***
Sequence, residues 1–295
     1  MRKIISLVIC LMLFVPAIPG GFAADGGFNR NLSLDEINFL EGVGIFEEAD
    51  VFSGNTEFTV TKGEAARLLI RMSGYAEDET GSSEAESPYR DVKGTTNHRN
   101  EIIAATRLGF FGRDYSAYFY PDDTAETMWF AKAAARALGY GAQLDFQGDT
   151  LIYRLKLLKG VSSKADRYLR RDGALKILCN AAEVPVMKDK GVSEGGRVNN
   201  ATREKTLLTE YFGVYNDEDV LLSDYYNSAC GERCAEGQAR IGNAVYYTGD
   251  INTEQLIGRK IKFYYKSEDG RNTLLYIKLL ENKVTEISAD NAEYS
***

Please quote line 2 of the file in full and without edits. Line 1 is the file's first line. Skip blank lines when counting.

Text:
     1  MRKIISLVIC LMLFVPAIPG GFAADGGFNR NLSLDEINFL EGVGIFEEAD